Three cases of corona­virus disease (COVID-19) were reported to the Three Lakes School District, which has resulted in the district  moving the junior high (grades 7 and 8) to remote learning with a return date of Thursday, Oct. 22. 

The positive COVID-19 cases include one student in grades 7-12, according to District Administrator Terri Maney.

“Grades 9-12 will remain open in our in-person learning model. Staff will remain in the building during this time,” said Maney. “We will continue to clean and sanitize all parts of the building as part of our regular preventative measures. We are taking these steps to help control the spread of COVID-19.”

In collaboration with county health departments, Maney said the district has also contacted students and staff who were identified as close contacts. As recommended by the local health department, close contacts are those who were within 6 feet of the individual for more than 15 minutes during the infectious period.

“We’d also like to clarify our notification process. First, we are only reporting cases confirmed by our local health departments. Sometimes, test results take several days — if not longer — to receive,” said Maney. “Because of this, staff members or students may have been quarantined — or have been out sick — long before we received a positive result and notified the public of that positive test result.”

Maney said all junior high athletics have been canceled during this period. 

“We all need to do our part to keep our students safe,” said Maney.

The Northland Pines and Phelps school districts remain with in-school learning, though some students (with parental approval) have elected to learn virtually.

Vilas deaths

Last Friday, the Vilas County Public Health Department reported the second and third deaths associated with COVID-19.

Tammi Boers, assistant director/deputy health officer for Vilas County, said the two individuals who died were in their 90s. 

“We extend our sympathies to their loved ones during their time of grieving,” said Boers last Friday.

The Vilas County Public Health Department has been notified of an additional 24 new people who tested positive for COVID-19 between last Wednesday and Friday. Boers said the individuals are self-isolating.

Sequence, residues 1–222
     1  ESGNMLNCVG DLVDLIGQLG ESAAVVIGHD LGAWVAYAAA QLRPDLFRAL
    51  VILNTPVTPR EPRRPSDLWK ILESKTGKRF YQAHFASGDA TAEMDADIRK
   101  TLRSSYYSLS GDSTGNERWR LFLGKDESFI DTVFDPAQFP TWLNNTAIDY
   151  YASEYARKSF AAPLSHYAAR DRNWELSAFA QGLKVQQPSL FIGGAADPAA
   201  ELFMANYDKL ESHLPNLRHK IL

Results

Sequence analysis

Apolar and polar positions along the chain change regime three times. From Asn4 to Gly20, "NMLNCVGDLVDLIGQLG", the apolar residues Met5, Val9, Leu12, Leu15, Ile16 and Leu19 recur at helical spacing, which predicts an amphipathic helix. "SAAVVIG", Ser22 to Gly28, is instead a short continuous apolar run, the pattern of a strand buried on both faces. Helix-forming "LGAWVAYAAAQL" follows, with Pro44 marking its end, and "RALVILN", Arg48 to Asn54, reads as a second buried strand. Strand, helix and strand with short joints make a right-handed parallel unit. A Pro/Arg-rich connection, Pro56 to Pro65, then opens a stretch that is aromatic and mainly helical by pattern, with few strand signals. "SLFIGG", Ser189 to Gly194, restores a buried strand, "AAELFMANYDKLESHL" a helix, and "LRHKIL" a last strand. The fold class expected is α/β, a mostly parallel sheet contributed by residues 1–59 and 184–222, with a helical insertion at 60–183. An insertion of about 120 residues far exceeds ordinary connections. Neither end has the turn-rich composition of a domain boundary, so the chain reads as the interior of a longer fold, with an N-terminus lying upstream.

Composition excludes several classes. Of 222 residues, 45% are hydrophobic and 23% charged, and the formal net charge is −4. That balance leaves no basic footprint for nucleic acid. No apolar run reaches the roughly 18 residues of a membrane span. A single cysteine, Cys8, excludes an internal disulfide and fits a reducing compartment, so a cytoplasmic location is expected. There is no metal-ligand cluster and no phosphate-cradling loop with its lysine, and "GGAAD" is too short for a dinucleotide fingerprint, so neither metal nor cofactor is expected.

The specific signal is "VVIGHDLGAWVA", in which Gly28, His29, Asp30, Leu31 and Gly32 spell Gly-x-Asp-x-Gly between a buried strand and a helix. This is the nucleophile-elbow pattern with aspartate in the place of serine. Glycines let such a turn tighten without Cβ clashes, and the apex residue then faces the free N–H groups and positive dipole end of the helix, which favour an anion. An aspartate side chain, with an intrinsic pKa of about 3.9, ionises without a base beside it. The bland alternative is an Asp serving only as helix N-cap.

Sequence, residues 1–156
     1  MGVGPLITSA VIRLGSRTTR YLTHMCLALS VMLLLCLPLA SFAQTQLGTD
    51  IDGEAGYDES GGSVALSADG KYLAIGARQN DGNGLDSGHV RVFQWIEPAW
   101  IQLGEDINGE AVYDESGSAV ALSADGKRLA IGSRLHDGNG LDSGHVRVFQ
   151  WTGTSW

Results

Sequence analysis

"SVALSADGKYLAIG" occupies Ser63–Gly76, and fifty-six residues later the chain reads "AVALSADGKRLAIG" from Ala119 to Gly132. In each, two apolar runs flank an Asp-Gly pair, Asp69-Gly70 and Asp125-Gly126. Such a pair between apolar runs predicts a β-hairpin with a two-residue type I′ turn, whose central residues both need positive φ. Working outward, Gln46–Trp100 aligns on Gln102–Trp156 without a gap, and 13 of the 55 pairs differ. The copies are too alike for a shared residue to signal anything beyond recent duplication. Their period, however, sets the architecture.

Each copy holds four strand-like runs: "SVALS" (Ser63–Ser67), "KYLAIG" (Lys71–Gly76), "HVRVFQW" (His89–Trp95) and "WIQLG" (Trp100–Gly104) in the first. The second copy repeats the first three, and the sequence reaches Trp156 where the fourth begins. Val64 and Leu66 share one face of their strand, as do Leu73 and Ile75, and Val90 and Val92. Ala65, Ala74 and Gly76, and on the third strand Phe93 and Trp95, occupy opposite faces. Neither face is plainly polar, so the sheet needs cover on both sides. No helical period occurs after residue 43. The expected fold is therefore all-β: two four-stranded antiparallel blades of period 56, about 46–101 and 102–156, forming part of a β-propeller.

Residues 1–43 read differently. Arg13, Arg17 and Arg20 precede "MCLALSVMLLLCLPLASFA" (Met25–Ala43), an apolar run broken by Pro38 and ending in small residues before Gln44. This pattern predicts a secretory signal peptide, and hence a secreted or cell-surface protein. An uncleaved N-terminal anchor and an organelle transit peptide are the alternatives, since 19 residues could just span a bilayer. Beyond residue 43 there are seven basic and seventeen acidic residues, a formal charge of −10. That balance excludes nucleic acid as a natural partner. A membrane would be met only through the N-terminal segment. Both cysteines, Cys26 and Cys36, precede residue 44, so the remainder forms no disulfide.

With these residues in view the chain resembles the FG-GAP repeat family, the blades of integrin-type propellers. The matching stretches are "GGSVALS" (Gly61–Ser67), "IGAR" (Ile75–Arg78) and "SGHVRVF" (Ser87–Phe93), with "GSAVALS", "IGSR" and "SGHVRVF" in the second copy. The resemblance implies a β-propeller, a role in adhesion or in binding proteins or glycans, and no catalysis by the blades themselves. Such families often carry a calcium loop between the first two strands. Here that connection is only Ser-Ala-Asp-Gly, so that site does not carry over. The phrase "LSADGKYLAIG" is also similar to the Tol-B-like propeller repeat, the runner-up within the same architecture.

“We continue to work on following up with close contacts,” said Boers. “You should assume that you will come in contact with COVID-19 whenever you interact with people outside of your household because of the continual widespread activity in our community.”

Boers said Vilas County has had 341 cases, including 136 active cases of COVID-19. Oneida County has had 714 positive cases, with 444 of those recovered. There have been five deaths in Oneida County related to COVID-19.


New gathering order

Meanwhile, Gov. Tony Evers declared an emergency order last week limiting public gatherings to no more than 25% of a room or building’s total occupancy. The directive will remain in effect until Nov. 6, and applies to any gatherings at locations that are open to the public such as stores, restaurants and other businesses that allow public entry as well as spaces with ticketed events. 

“We’re in a crisis right now and need to immediately change our behavior to save lives,” said Evers. “We are continuing to experience a surge in cases and many of our hospitals are overwhelmed, and I believe limiting indoor public gatherings will help slow the spread of this virus. Folks, we need your help and we need all Wisconsinites to work together during this difficult time. The sooner we get control of this virus, the sooner our economy, communities and state can bounce back.”

In late September, Evers and Wisconsin Department of Health Services (DHS) Secretary-designee Andrea Palm extended the DHS face coverings order indoors until Nov. 21. 

“The unfortunate reality is this: the disease activity level of COVID-19 in Wisconsin is so high that going to a gathering puts you at very high risk of exposure,” said Palm. “We know gatherings are a key way this virus spreads so we must act to limit indoor gatherings to stop the spread, reduce illness and save lives.”

The DHS reported Friday that Wisconsin has 28,690 active cases, and a total of 1,440 deaths. The seven-day average of new daily COVID-19 cases was 2,346, up from 836 one month ago. 

According to the DHS Disease Activity dashboard and as of Sept. 30, 45 of Wisconsin counties meet the threshold of a very high disease activity level which means that there are more than 350 cases per 100,000 people in that county. All other counties reported high case activity levels.

“This means Wisconsinites should assume they will likely be exposed to the virus if they leave home, and should practice all safety precautions,” said Palm.

Wisconsinites should take the following steps to stay safe and help stop the spread of COVID-19:

• Stay home whenever possible. 

• Wear a mask. 

• Wash your hands frequently. 

• If you have symptoms or have been exposed to COVID-19, get tested. 

• Get the flu shot to help reduce the strain on health-care systems responding to the COVID-19 pandemic.

• Challenge misinformation, and talk to friends and family about the importance of these safety precautions. 

For up-to-date information about Wisconsin’s COVID-19 response, visit